The US 5G 'Lead' Over Europe Is Bluster
"America first," a jingoistic slogan that sums up President Donald Trump's foreign policy, could also be an assessment of the US position on 5G. Together with Asia's most sophisticated telcos, AT&T and Verizon are widely seen as international frontrunners in the race to launch the next-generation mobile technology. The former has even talked about introducing its first 5G services by the end of this year. (See AT&T's 'Mobile' 5G: What the Puck?)
The Europeans, naturally, are the out-of-shape joggers bringing up the rear. Constrained by difficult regulators and cultural timidity, they will flop over the 5G finish line while their US peers are chugging champagne, according to this narrative. Marketing efforts have spread the word. European telecom observers return from the US looking shell-shocked and whispering of the coming 5G apocalypse, as Europe is crushed by a more advanced civilization.
Fortunately, for Europeans, the reality will be far less cataclysmic. Cultural differences partly explain why Europe is thought to lag the US, for one thing. The typically reserved and often despondent European is less inclined to crow about his 5G credentials than his more assertive, upbeat US counterpart. Contrast the loudmouthed, hyperactive John Legere, the T-Mobile US Inc. CEO, with the more conventionally corporate Timotheus Höttges, his boss at Germany's Deutsche Telekom AG (NYSE: DT). When Legere said he would build a "nationwide" 5G network by the end of 2020, skeptics saw legerdemain. The land of opportunity is really the land of the advertising genius, they say. (See T-Mobile & Sprint: Marriage Made in Hell and Is T-Mobile's 5G Plan Just a Pipe Dream?)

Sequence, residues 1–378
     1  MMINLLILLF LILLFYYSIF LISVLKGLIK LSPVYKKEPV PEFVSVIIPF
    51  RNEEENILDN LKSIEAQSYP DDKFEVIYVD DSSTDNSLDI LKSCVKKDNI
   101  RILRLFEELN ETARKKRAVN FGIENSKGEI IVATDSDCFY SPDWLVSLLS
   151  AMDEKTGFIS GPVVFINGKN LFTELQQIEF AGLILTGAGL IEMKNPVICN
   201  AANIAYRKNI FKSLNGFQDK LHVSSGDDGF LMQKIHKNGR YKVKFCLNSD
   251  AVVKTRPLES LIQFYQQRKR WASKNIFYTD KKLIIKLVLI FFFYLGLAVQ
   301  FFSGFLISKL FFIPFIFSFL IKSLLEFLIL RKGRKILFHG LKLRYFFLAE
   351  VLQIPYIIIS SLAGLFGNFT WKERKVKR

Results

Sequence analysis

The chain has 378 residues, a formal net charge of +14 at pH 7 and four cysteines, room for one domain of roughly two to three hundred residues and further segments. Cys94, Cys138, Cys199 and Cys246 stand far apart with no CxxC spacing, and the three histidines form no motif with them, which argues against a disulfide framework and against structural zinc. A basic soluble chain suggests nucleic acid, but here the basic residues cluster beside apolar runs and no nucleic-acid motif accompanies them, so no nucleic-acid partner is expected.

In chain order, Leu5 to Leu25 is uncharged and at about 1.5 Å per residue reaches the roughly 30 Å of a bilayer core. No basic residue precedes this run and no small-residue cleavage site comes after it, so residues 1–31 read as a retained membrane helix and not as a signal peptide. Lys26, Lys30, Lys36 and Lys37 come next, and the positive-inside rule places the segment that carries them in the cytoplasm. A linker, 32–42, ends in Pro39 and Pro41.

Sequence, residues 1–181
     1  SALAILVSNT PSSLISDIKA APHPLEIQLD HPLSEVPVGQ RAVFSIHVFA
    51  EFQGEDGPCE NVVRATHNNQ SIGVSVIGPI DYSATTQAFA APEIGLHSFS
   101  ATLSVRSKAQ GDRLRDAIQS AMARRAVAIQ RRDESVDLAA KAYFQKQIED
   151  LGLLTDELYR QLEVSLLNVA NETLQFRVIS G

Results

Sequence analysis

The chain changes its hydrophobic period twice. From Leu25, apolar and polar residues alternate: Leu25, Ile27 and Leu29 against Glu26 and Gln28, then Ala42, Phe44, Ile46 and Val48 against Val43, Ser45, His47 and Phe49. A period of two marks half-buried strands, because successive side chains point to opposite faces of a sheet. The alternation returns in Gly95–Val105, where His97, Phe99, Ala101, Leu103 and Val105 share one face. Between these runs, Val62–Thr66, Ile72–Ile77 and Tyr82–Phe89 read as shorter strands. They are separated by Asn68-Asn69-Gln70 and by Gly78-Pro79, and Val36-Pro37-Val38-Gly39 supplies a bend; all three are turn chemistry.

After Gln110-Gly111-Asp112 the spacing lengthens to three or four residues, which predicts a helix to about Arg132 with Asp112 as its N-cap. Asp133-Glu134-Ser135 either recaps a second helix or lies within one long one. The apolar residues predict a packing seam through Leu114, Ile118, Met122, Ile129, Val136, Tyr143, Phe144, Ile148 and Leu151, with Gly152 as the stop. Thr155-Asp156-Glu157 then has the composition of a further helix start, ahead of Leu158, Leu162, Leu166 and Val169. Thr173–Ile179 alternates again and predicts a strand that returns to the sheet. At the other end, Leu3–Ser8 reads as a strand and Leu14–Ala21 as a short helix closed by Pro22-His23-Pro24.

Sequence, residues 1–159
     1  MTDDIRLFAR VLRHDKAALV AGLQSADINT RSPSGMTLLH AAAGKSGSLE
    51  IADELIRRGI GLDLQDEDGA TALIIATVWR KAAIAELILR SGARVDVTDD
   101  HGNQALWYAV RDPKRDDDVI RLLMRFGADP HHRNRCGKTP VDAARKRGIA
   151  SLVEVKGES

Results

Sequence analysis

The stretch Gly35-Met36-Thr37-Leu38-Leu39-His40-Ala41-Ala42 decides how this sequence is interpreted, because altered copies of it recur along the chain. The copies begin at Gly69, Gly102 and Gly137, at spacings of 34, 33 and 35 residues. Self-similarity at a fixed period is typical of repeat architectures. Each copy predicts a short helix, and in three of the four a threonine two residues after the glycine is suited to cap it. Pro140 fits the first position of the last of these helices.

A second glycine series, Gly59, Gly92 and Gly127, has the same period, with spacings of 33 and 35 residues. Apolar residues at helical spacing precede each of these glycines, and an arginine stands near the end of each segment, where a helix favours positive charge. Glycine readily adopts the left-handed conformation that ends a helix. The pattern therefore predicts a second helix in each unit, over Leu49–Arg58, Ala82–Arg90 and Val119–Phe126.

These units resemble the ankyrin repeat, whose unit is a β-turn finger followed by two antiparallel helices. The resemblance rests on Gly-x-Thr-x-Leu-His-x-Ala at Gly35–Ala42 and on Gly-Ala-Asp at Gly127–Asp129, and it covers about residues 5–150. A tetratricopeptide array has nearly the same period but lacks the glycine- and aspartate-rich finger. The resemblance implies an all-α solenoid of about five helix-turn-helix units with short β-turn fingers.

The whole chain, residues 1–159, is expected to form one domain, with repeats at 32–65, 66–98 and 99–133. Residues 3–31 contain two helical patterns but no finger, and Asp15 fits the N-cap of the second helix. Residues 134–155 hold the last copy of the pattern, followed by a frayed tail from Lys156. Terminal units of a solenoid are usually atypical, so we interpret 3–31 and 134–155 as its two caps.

Market forces might also explain Europeans' limited appetite for promotion. In their super-competitive countries, European operators have seen less financial benefit than US telcos from the rollout of 4G services. They also contend with more stringent regulation. Yet none of the main players is ignoring 5G. In the UK, BT Group plc (NYSE: BT; London: BTA) and Vodafone Group plc (NYSE: VOD) may launch it next year. Deutsche Telekom, the region's biggest operator, is aiming for the slightly later date of 2020. But it is already building 5G foundations through fiber rollout, the installation of new sites and the deployment of "5G-ready" baseband gear. It is even now erecting 5G antennas in Berlin. Fresh from 5G trials in Romania, French incumbent Orange (NYSE: FTE) is making similar preparations. (See BT Kicks Off 5G Campaign With Plans for 2019 Launch, Petty's Grievances: The 5G Hopes & Fears of Vodafone UK's CTO, DT Poised for 5G Launch as Huawei Antennas Go Up in Berlin, Orange's 5G Plan: Definitely, Maybe and Orange Ups 5G Broadband Stakes in Romania.)